Wheaton is not a seminary or theological college. As part of its evangelical mission, it nonetheless requires its faculty to adhere to twelve articles of Christian faith, including belief in God, affirming that He is creator of the Heavens and the earth, that Jesus Christ was conceived by the Holy Spirit, and so on. The document bears more than a passing resemblance to the Apostle’s Creed, which may be a reflection of the college’s Methodist roots. For the time being, Wheaton also has a reputation as one of the best small liberal arts colleges in the Midwest with a current student body numbering around 2,500. Based on comments appearing on a Change.org petition demanding “Doc Hawk’s" reinstatement (now reaching 55,000 signatures) that reputation is deserved.
Remarks made by self-identified alumni offer cogent defenses of Hawkins’s support of Muslims, even as they expose the inconsistencies in the administration’s own putative theological dispute with her. Many of them are noting that the administration's sticking point, which revolves around Hawkins's observation that the monotheistic Abrahamic religions (Christianity, Judaism, Islamism, and Bah’ai) all worship God, was a position previously sanctioned by Wheaton’s administration as well as defended by one of the college’s most illustrious graduates, Billy Graham. Ironically, Wheaton has indeed educated its students well, producing critical thinkers as well as those most rare of contemporary beasts: educated liberal Christian evangelicals.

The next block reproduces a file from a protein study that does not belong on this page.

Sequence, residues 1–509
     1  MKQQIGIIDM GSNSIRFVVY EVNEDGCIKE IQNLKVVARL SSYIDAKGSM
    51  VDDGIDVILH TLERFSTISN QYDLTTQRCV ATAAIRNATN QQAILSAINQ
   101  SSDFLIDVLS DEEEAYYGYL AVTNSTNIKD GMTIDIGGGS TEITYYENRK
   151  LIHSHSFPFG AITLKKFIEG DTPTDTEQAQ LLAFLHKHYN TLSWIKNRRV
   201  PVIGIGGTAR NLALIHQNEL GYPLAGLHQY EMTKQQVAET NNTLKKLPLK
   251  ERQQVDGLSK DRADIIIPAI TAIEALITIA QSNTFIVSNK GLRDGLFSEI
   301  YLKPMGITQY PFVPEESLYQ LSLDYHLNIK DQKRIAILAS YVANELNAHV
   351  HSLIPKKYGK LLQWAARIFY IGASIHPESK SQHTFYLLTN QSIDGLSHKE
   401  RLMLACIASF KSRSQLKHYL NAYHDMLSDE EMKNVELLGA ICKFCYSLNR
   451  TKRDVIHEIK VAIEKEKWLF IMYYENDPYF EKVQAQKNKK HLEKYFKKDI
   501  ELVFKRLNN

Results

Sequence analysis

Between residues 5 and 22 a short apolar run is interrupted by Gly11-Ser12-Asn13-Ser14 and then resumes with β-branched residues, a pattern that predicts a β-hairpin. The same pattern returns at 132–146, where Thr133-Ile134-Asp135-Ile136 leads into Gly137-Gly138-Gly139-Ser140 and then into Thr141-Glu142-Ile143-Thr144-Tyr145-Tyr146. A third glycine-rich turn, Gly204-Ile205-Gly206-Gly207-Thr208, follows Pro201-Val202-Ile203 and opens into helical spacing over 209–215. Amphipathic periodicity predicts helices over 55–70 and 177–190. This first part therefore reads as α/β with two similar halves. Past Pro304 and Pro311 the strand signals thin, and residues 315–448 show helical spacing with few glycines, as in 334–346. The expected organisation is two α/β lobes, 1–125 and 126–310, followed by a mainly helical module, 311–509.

An Associate Professor of political science, Hawkins’s research focuses on the intersection of “race, religion, and politics.” A quick glance at the hashtag #ReinstateDocHawk and the Wheaton College twitter account shows that she is beloved by its students, who are also stressing that she is Wheaton College’s only tenured female Black professor. In fact, there is a photograph of her on the “diversity” FAQ page of the Wheaton website accompanying a weak official statement regarding recruitment efforts to bring in faculty of color that boil down to Hawkins being their one Black friend. All things being equal, you’d think they’d be bending over backwards to keep her.